Tube bender for thin wall tubing

(c) m.s.gerritsen 2000-2004

    This is the mandrel bender we use for the bending of 10 x 0.5 mm tubing with a 25 mm radius.
    The main pivot is a bracketaxle, and the assembly is rotated with a large spanner on the central hexagon.
    The large 120mm disk is grooved to accept a adjustable slider which works as a angle stop

    The tube is clamped to the mandrel, and a shoe runs along the outside of the tube being bent to keep it round. A large bearing keeps it pressed in place.
    To prevent kinks on the inside a tight fitting rod, extending just to the point where bending takes place, is essential. Just on the left you can see an endstop (not being used)  in place.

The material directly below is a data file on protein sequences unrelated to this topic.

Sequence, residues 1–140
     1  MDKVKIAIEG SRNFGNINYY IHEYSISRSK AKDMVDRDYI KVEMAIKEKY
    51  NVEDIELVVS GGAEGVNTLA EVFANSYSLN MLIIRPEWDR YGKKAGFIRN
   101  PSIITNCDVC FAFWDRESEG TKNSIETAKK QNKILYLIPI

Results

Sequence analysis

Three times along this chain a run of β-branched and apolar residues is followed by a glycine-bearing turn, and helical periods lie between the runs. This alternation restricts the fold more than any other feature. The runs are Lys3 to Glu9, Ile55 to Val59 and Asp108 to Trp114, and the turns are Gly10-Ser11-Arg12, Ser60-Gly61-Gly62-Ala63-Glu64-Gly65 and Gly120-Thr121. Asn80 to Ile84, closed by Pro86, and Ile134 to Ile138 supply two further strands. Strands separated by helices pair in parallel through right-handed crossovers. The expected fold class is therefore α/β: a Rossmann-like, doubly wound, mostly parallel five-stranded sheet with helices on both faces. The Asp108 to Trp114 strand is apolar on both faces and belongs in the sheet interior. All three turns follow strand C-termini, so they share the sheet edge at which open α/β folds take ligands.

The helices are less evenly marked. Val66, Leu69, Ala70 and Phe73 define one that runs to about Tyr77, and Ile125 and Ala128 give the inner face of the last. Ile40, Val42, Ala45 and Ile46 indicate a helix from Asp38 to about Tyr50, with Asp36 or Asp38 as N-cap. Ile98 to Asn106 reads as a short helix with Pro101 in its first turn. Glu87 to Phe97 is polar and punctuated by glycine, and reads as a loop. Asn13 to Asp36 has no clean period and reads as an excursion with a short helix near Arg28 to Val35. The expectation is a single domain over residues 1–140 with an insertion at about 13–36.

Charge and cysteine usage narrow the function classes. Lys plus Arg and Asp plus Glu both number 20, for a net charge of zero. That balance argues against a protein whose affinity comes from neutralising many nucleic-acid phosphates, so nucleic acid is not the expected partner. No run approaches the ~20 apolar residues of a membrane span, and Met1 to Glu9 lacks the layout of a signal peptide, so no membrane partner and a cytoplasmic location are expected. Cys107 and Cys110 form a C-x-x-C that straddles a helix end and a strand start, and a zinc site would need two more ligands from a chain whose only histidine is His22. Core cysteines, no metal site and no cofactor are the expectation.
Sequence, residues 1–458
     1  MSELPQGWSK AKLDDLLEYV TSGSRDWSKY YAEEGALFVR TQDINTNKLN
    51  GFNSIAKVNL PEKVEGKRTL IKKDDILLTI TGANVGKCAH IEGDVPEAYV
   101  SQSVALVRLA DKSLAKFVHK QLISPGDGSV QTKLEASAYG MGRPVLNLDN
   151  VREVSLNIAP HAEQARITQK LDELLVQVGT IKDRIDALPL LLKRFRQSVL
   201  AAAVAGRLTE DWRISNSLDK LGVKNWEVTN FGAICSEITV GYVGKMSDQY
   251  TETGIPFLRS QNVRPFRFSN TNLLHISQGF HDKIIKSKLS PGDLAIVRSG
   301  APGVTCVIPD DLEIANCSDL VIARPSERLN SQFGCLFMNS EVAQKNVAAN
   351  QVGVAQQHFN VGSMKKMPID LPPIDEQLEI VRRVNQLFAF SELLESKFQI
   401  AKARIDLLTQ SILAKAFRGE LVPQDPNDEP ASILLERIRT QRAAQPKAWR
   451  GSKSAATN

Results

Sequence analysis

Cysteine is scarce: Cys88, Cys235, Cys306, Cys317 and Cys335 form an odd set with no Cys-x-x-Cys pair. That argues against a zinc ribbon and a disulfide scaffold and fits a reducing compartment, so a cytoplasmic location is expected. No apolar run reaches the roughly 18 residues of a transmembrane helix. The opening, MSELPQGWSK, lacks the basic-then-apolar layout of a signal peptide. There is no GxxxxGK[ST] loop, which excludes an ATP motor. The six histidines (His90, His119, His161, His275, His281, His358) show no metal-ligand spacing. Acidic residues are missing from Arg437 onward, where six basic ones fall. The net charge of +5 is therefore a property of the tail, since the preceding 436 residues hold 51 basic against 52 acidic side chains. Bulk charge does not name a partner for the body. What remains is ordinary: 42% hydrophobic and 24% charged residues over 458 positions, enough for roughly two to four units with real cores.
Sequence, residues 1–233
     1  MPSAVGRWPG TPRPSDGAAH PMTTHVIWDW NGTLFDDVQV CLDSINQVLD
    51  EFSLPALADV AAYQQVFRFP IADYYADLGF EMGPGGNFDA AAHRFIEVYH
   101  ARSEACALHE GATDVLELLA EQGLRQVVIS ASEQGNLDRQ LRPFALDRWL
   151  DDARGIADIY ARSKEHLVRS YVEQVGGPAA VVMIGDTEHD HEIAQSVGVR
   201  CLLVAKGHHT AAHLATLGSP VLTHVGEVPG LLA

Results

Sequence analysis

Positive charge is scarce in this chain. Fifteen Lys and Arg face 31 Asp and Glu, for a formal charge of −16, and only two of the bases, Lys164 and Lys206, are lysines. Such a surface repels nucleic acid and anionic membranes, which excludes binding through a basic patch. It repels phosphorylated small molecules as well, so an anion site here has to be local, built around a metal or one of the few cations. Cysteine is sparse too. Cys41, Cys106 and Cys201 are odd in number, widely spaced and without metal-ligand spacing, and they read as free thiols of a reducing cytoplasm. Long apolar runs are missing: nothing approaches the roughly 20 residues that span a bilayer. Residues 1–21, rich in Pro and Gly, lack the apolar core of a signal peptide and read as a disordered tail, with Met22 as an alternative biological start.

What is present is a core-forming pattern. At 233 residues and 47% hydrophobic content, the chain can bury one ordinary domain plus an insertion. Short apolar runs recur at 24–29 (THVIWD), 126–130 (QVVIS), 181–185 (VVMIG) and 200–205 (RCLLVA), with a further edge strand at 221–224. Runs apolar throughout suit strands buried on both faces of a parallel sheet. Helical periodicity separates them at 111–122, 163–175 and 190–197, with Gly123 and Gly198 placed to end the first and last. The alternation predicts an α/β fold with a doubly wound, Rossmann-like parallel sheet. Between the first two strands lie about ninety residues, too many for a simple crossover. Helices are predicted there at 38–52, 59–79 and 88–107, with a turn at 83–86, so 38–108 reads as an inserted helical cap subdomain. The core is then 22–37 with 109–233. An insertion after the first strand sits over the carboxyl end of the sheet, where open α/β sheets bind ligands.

Instead of working out the necessary angle with springback, for a single bend it is usually sufficient to calculate the theoretical lenght needed for the bend, and to measure the distance the tube slides up the interior rod.

    this one is for 14 x 0.8mm cromo, r=40mm

    This one bends 1"x 1/16". It was used to put the bend in the Radical chainstays. The stop on the pullingchain fixes the angle.
    The bicycle crank had to be lenghtened because we're weaklings, or maybe it was the cromo tubing ;) 

    Detail of the actual bender. The tubing is clamped to the mandrel. This has to be really tight otherwise the tubing will slip and kink. The shoe is pressed against the tubing with an adjustable roller.
    BTW al machined parts including the shoe were made on the lathe below!

    This shows the rotating toolbit used to machine a proper circular groove